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I've practiced metta, or attempted to, with mixed results.

Sometimes I'm wondering even how to practice metta, and in my mind it feels like I'm just repeating "How can I develop compassion? How can I develop compassion?" It's almost a lack of contact with the feeling of compassion, or just tedious repetition.

However, sometimes, at other times, I feel extreme feeling of compassion, to the point where I clench my jaw to avoid the feeling (since seemingly I am very repressed). It's a mixture of being moved, and compassion, since it arises when I react to either moving events, or when I see someone suffering. But, admittedly, it's really being moved that generates the most feeling.

I have sometimes managed to generate such a feeling in meditation by visualizing people doing acts of kindness, myself included. However, whenever this happens, I feel that the feeling isn't enough, that compassion should require effort.

Is this the case? Does a feeling of being moved, or a compassionate intention and feeling, generate something positive? Or, am I right in thinking that without effort and discipline, these feelings are merely oceanic and vast but not linked with true mental development?

Also, I suspect I might lack self-compassion or something because I don't allow myself to feel these feelings, and I often--used to--feel being undeserving of all these things. Any thoughts?

Thanks

PS: I recall a Buddhist teacher reacting to my yearning to develop compassion with enthusiasm, but advising against body meditation because it could be detrimental. How could I know if metta meditation is best for me? Any signs?

  • Not sure, but it seems that karuna and metta are mixed. Metta, goodwill or loving-kindness (thought wishing that may yoy be happy) ; karuna, compassion, or pity (thought wishing to find a way to help). Which of those two is spoken about, or are they mixed, Nyom Eggman. – Samana Johann Jun 17 '17 at 4:50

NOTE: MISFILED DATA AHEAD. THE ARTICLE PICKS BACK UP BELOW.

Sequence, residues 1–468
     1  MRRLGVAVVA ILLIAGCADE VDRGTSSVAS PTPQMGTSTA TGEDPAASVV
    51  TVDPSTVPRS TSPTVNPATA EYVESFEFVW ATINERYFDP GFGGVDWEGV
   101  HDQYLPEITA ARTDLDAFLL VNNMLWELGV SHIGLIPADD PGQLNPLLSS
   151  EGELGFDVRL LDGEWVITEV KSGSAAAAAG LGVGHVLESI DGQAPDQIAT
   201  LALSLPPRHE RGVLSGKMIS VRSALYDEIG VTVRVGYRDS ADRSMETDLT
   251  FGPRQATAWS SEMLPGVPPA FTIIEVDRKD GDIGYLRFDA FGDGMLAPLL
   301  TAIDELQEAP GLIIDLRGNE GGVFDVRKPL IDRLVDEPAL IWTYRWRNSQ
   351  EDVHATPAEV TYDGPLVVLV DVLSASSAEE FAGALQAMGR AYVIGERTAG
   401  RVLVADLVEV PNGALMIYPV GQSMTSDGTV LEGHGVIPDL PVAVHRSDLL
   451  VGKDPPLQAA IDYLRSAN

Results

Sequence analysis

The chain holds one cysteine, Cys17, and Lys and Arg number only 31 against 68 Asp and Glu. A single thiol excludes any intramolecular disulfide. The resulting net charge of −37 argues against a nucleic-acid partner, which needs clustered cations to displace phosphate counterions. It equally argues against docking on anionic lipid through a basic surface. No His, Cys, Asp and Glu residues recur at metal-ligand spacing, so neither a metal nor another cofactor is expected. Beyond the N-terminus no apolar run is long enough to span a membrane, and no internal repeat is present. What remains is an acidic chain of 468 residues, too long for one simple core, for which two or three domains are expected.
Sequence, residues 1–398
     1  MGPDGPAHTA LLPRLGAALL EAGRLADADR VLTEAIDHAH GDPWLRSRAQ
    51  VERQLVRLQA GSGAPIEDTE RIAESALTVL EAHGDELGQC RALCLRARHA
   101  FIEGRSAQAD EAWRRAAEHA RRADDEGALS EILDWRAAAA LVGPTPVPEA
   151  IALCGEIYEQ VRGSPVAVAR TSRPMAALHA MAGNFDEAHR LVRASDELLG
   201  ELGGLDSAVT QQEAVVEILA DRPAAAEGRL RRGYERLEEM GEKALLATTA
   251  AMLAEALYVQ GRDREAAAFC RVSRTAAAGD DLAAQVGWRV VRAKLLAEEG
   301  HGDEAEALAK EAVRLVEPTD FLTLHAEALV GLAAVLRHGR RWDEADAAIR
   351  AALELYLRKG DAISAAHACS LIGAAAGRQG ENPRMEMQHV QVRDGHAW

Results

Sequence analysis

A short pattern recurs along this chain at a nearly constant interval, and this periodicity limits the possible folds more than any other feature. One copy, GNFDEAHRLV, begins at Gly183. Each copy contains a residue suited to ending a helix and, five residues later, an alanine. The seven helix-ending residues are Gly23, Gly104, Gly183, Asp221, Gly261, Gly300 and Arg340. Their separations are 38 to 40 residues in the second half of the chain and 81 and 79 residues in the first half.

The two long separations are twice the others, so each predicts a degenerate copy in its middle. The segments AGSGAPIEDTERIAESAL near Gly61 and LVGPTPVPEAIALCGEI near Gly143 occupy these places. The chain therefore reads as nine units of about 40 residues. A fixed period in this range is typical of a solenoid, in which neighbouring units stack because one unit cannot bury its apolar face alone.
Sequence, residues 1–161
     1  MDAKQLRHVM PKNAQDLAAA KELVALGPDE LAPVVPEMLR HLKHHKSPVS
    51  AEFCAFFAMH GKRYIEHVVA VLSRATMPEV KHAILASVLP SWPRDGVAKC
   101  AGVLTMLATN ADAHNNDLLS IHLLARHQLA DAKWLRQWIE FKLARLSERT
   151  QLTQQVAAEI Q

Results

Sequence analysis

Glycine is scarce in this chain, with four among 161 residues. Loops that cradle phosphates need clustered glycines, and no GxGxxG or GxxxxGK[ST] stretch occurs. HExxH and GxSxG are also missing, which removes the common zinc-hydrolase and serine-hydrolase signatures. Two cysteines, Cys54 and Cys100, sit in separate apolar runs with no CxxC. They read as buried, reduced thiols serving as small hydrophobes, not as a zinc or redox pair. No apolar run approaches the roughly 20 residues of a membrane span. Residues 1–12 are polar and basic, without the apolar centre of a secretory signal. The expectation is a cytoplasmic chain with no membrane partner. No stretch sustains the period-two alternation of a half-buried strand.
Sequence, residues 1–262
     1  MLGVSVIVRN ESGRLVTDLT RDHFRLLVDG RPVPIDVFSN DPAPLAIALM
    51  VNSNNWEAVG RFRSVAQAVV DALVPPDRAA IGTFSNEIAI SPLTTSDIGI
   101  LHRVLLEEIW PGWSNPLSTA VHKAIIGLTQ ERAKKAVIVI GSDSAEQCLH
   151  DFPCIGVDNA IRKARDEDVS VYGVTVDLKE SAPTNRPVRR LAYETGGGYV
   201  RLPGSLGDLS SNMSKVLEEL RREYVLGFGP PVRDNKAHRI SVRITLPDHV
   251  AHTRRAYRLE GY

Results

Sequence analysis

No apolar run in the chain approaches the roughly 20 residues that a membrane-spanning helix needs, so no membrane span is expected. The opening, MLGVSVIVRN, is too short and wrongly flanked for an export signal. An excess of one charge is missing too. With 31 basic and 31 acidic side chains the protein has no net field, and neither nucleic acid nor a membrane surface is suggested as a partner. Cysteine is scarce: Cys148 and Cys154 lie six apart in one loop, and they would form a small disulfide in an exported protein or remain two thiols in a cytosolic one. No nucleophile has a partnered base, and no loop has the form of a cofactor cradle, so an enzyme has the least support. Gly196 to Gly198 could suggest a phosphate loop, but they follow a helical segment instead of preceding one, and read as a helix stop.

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Repeating the words many times over might help you remember to do Metta when it is needed in a difficult situation. As a form of Metta it is very shallow, but nevertheless maybe beneficial. If you develop aversion when doing this best not do it at such times. When you get fed up just stop. Also the repetition may serve the basis for a change in attitude.

The most deeped way to do it is do Vipassana or Samatha Meditation. At some point you might get a pleasant feeling. When this happens bring ups the wish that others also experience this peace. This is more deeper form of Metta.

Objective of Metta is to:

  1. develop and increase qualities Metta
  2. break barriers thereby you consider some people of class of people more favorably than the others
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What you are doing is good – keep up with the practice of Metta. The practice of Metta can be great when your character buildup is based on all four of these: däna (giving), seela (moral conduct), bhavana (mostly loving kindness towards others), and culminating in panna (wisdom). While these ones are being cultivated, viriya (effort), khanti (patience), adhittana (determination), metta (loving kindness), nekkhamma (renunciation), and upekkha (equanimity) too gets cultivated.

Here the giving (däna) is not only giving to the needy, to animals, to elders and yogis, etc. It also includes the abhaya däna. Here one knows that all sentient beings value one’s life the most, and thus does everything possible to save lives. Abhaya means remove “bhaya” or fright. Thus in doing this, Metta grows simultaneously too. Most categories are inter-related, and grow together. The highest giving is dhamma däna. It starts with teaching morals to others, and living an exemplary life.

Metta Bhavana is best for you. It is just that you do not know what a powerful tool this is. Also you seem to not know that there is a higher level to even the Metta Bhavana. Why this is a powerful tool is that it is possible to remove many of one’s bad kamma seeds through Metta Bhavana.

When a kamma (abhisankhara) is committed, the kammic potential of that kamma is deposited as a kamma seed. A kamma seed has the potential to germinate or come to fruition if suitable conditions appear. By “transferring merits” when one does good deeds, and also by doing the metta bhavana, specially the Ariya metta bhavana, one can get rid of that kamma seed by paying off that debt.

We have become indebted to innumerable beings in previous rebirths. In the “Metta Sutta” the Buddha has explained how much of this debt can be paid off by doing the metta bhavana and also by transferring merits to “all beings” when we do a good deed.